July 4, 2017

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All-Ages or Small-Ages #34 (Lilith Dark by Charles C Dowd)


See all of the past entries of All-Ages or Small-Ages here.

There are a wide array of all-ages comics out there from the classic Archie comics, through the  Sonic the Hedgehog and Disney, all the way to the original properties such as Lumberjanes. You might look at one of these books and think that, as an adult, it doesn’t have much to offer you. As someone who has discovered a deep fondness for titles such as this, I’ve been surprised by how rich and complex the stories can be. All-Ages or Small-Ages? is a feature that takes a look at the books that fall under this banner and attempts to analyse whether or not their assigned label is apt; is it a book that you can read along with your children?


Lilith Dark begins in medias res with its titular protagonist scaling the side of a mountain, decked out in heavy armour, hunting some yet unnamed prey. As Lilith enters a cave and whollops one of the so-called "beasties" over the head, she is forcibly dragged back to reality by her older sister and scolded for her unprovoked attack on her older brother. That's where it's revealed that everything that we've seen in the first few pages is the young Lilith adventuring around the house and projecting her imagination onto everything that she sees.

Ever since it first entered our hearts in 1985, Calvin and Hobbes has become the pinnacle representation of a child playing pretend. The only identifiable weakness, innate to its original form, is the lack of a sense of continuity outside of what we directly observe on the page. Fortunately, that is precisely the moment at which Lilith Dark picks up the baton.

From the very beginning, the relationships between Lilith and her siblings are so incredibly recognisable and feed the knowledge that this world exists far beyond these few moments that we observe. The college-age older sister, Becky, has a very recognisable air of faux-authority and reluctant responsibility; she is the age at which she believes herself too cool and sure of herself to have any time for her younger siblings. 

Conversely, the middle brother, Dewey, is in the teenage, nerdy phase where he's decided that everything that his family does is embarrassing and beating the current video game obsession is his only true measure of success. Despite this outward facade, it's clear that he still cares deeply for his irritating younger sister, as much as he refuses to admit it to himself. As the nerdy middle child myself, this portrait rings startlingly true.

Family is at the heart of stories like these, as it was in C&H, and Dowd captures the nuances of it beautifully. Each character, the protagonist included, feels three-dimensional in a way that complete casts rarely get to. They are uniquely believable representations of a family life that those of us who grew up in those surroundings recognise immediately, giving this comic the impression of a lens through which to analyse our pasts.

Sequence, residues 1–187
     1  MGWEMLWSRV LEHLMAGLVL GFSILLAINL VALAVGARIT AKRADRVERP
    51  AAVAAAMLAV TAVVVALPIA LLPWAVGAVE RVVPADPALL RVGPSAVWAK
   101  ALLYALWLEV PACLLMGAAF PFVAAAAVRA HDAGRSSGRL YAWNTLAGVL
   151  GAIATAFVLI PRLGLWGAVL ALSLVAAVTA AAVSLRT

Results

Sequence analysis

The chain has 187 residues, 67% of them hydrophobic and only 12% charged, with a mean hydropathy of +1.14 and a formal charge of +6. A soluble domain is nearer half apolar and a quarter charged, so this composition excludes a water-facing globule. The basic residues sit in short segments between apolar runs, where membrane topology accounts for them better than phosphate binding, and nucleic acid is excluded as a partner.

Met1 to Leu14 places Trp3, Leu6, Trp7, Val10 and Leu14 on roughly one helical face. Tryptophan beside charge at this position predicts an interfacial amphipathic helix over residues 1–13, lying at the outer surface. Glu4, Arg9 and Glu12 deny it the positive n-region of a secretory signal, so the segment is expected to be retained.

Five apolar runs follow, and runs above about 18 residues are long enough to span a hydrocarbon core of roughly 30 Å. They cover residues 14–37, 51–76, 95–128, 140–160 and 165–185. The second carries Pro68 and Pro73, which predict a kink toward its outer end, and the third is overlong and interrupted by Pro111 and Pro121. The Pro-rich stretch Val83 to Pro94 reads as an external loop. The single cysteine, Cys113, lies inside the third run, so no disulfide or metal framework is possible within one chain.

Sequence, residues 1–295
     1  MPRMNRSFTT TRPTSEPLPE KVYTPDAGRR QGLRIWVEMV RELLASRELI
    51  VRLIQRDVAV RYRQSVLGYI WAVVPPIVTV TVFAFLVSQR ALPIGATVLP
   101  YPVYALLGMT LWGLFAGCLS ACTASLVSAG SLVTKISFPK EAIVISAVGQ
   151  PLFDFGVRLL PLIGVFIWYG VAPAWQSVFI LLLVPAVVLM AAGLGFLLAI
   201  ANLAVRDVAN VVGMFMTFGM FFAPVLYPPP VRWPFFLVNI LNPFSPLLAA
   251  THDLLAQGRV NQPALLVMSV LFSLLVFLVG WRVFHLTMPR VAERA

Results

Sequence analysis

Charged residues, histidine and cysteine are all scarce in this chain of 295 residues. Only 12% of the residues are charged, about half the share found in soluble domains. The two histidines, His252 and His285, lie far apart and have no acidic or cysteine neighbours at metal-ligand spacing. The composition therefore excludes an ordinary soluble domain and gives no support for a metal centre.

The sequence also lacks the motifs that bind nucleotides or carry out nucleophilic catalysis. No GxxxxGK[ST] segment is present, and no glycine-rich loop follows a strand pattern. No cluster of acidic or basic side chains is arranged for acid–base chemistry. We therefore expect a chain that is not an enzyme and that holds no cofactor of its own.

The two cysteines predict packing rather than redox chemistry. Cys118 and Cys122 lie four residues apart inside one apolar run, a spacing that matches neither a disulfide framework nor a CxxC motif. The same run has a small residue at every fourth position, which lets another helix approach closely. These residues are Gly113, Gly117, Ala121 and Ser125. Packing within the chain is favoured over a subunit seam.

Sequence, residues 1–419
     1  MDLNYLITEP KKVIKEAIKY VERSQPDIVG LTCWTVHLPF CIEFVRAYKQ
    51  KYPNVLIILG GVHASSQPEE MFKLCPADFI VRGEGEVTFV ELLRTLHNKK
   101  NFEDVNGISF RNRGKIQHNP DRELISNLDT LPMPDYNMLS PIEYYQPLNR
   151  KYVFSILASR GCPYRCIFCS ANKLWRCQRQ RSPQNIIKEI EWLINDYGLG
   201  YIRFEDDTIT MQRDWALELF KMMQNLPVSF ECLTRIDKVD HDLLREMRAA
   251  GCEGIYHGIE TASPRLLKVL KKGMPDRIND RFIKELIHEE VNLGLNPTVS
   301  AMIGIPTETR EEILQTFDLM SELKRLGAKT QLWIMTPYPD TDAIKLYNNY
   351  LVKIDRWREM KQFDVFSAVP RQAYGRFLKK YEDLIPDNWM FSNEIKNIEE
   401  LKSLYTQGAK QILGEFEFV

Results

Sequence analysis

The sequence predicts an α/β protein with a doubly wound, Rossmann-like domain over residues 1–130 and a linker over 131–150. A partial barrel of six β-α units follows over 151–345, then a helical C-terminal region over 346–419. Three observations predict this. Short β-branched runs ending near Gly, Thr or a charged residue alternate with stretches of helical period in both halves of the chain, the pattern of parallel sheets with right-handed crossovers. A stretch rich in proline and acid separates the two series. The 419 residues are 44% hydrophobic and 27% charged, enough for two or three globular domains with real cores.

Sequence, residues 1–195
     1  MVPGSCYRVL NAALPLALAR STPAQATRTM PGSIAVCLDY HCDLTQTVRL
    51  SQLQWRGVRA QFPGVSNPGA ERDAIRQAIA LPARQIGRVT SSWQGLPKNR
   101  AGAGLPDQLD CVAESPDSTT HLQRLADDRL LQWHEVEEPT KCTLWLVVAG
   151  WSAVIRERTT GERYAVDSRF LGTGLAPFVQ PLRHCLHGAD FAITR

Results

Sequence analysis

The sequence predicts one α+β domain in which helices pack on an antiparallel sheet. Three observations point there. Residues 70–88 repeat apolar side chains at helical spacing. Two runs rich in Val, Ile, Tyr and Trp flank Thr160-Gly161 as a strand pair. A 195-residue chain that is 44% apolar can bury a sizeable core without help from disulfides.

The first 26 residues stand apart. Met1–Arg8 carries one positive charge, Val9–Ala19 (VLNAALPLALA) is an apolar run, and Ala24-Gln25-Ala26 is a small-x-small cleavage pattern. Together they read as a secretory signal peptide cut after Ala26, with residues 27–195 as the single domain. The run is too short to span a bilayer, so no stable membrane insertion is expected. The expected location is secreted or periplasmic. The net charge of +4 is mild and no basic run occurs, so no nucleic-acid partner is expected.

Lilith herself endears herself to the reader from her very first word. Dowd makes it clear with her childish syntax and self-narration that her fantasy adventure is fictitious, but that only heightens the enjoyment of the scene. Lilith has an intense curiosity and zeal for everything that she encounters and, even when the situation starts to shift into a direction that she doesn’t expect, she always retains that innate positivity in her attitude.

While Dowd’s strong grasp on body language carves out a unique posture for both of the siblings, it's the attention to detail in Lilith that makes this issue what it is. When in her standard civilian life, Lilith’s default facial expression is that of an put-upon and inconvenienced child, telling us not only what kind of child we are reading about, but revealing where else she would much rather be.

Similarly, whether the character is setting up an outer inner-monologue, sitting up in bed or discovering a wayward kitten, her emotions are always turned up to eleven. Not only does it result in a protagonist that is easy to read emotionally without the need for any dialogue, it succinctly tells us her age and her subsequent maturity.

When looking at Lilith’s adventures, it is difficult not to compare it to Calvin and Hobbes throughout, specifically the Spaceman Spiff saga. Dowd manages to make it feel unique by putting the focus on the story's wider context. Granted, Calvin and Hobbes was severely limited by its format, but the way that Dowd weaves such a familial tone into the narrative from the offset sets up the motivation for these fantastical journeys so beautifully that you're enticed to read more.

One of the best ways to tug at a reader’s heartstrings is to create a sense that your story matters. Lilith Darkness begins with an adorable protagonist on a magical journey, framed by grandiose self-narration, but then grounds her with an immediately recognisable family structure. 

This is a story destined for success. There’s such sincerity and heart to it that it’s difficult not to fall in love.
Let me know if there's a comic that you think I should be checking out. I'm always on the look-out for some more hidden All-Ages gold. Contact me at mcdickson101@gmail.com or head over to check out the podcast that I co-host You Know What I Like...? on SoundCloud.